Thursday, February 21, 2019

Jimmy Cvetic Tributes

In Memory of Jimmy Cvetic

 Jimmy & Franco Harris
Photograph by Ruth E. Hendricks

Saying goodbye to Pittsburgh’s Original Renaissance Man
by Charlie Deitch

Obituary from the Pittsburgh Post-Gazette

Jimmy Cvetic had heart. He had a heart for the young men he trained 
in his gym, a heart for the children for whom he provided Christmas
gifts each year, and a heart for the poets of Pittsburgh.
Jimmy loved words and wove them into poems. But even more, he 
loved people and reached out to them.
We will miss him, but we will also remember him. His spirit will
continue to reach out to us.
 - Shirley Stevens

In Memory of Jimmy Cvetic
     A great-hearted gift,
   constructing community
     out of poetry.
Though I stood on the outskirts
  you made me feel I belonged.

      -Mary Soon Lee

Jimmy, Jimmy, Jimmy . . .  Stalwart (first word that comes up), large-hearted, crazy, passionately anti-war, in love with words. Brother from another mother. Both of us Vietnam vets, him more than me — no small part of our tie. I'm restraining myself from emotion I feel as I think about him.

I don't remember how I first met Jim, but we bonded in February 2003 when I uncharacteristically threw myself into creating a public event — an anti-war reading downtown, at Market Square. More than 20 poets came out to protest Bush/Cheney war plans, simultaneously with anti-war protests that day around the world.  Ours at Market Square took place with snowfall and temperature at 15º F.  I think the weather became more brutal each time Jim & I mentioned it in succeeding years.

I barely knew Jim when I recruited him a day or two ahead of time for this event by looking him up at his downtown coffee shop. I immediately felt gratitude for his undiluted, robust, affirming support. On the day of the reading, he came out early and his presence buoyed me immensely. The event had considerable media coverage, and is high on my personal list of things I've done worth doing, with no small thanks to Jim.

In late 2014, after Galway Kinnell died, I mentioned to Jim — I think it was a casual conversation on Craig Street in Oakland — that I'd had thoughts about doing something, maybe a memorial reading, to honor Galway. Like me, Jim had worked with Galway and admired him and his poetry. Immediately, with full force, Jim jumped on this idea and encouraged me — no, insisted — that I follow-through. Once more into the breach I threw myself into making a public event, which resulted in a January 31, 2015 reading at East End Book Exchange (now White Whale).  A cross-section of Pittsburgh's poets read to a bursting-at-the-seams (no bull) turnout — more than 100 people and walkaways at the front door who couldn't fit into the space.

It was a tremendously warm, memorable event, another high on the list of things I'm proud of doing, and it wouldn't have happened without Jim's stalwart love and energy. Peace brother.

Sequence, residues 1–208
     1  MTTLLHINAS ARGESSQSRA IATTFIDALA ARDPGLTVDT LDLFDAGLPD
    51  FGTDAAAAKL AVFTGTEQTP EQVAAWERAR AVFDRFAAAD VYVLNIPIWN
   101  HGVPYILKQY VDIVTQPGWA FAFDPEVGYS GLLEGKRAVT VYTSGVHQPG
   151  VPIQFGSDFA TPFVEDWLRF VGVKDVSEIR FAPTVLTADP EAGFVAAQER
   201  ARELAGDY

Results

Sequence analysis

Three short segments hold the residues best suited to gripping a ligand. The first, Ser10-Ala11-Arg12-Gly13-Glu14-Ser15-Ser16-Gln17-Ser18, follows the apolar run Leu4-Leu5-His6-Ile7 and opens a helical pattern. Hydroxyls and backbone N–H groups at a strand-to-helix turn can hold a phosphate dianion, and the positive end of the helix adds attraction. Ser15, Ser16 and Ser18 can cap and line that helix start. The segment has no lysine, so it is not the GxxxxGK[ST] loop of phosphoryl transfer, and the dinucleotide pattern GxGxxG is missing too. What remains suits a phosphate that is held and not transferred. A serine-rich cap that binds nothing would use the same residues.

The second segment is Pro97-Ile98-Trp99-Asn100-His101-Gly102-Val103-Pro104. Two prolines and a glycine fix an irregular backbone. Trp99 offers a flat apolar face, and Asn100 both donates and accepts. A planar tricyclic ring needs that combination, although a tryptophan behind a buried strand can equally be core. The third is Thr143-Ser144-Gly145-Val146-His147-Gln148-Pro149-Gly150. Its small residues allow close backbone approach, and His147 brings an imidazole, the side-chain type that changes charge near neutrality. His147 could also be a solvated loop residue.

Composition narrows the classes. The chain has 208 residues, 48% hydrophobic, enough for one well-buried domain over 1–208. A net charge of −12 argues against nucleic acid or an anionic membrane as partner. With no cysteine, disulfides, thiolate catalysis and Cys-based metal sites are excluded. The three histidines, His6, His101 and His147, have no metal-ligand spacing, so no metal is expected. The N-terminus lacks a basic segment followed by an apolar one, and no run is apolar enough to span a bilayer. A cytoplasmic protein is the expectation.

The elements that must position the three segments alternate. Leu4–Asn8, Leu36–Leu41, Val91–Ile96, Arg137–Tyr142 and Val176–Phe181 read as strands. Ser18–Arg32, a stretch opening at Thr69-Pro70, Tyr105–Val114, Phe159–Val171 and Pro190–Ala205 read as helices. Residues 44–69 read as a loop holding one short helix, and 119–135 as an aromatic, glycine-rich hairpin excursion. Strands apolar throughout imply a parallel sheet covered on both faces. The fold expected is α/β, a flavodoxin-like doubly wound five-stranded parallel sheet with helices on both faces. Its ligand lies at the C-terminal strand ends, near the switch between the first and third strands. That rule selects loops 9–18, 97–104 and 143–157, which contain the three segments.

— Mike Schneider

for Jimmy Cvetic

Jimmy brings the mike
into the box where the paneling
is tired from smoky nights
and the pool players stop
their chock chock.

He read us a poem once
about Internet sex:
men with women,
women with women, men
with dogs…
knows the ropes, the rules,
but steps over the chalked lines
of money and schools,
doesn’t see them.

In the break between featured readers
Jimmy introduces
the kid he’s training:
high cheekbones, a glow off him,
dark brown lion in the headlights,
and we yellow like paper.

Jimmy holds up the basket of tips
for the waitress,
plugs the kid’s match,
and calls the featured reader,
but any poet can oil up and flex
with contenders
in Jimmy’s hospitable light--
Jimmy contends
there’s no such thing as
a bad poem.
He knows there are bad actors--
he’s arrested some.

And maybe a poem will dance backward
light on its feet, land its blow
and maybe some poets will glow
at the bell in the ring
where Jimmy will introduce them
if they’ll go.
--with love, Arlene Weiner, August 2007

For All the Poets Who Sat on the Floor
   at Our Pablo Neruda Reading, 2005

I am sending the Neruda poster to you
a big poetry trumpet— Jimmy—it says
Neruda, who wrote poems in green ink,
(the color of hope) knew something about enough

All of us would often be ashamed
of our finest actions if the world
understood some of the impulses that
produced them—even you and Pablo and I

but still we recognize the sacred—

Borges’ mother became his secretary
Dorothy Parker left all her money
to the one and only Martin Luther King
Alice Sebold. a writer who loves every horse

gets up to write in the almighty dark—and
does so because she believes all the unforgiving
judges in her life have to be sound asleep then

I think of the poems we read that day Jimmy
to the people sitting on the floor at Hemingways
—they are for Pablo’s socks, my piano and you

                         Rosaly DeMaios Roffman

A long, long time ago Jimmy produced a poetry reading at Rosebud, a club
downtown, and asked for submissions for an anthology of poems. When the
anthology came out, it said that Pittsburgh was "home of the national
Muse." This made me laugh. But Jimmy was right: Pittsburgh is amazingly
hospitable to poetry. I think Jimmy is one reason why.

 -Arlene Weiner

The last time I talked to Jimmy Cvetic, he pitched me on a new story. Not one about him, of course (he understood that any story about his work would have to include him, but the process made him uncomfortable). He wanted to do a piece about a program he was working with to help kids in the area. This was smack in the middle of Jimmy’s battle with cancer. He was thinner, his skin looked like paper. However, telling me about the new program, his voice expressed none of this. He sounded fine. He sounded like a man who had work to do. And he did, right up till the end.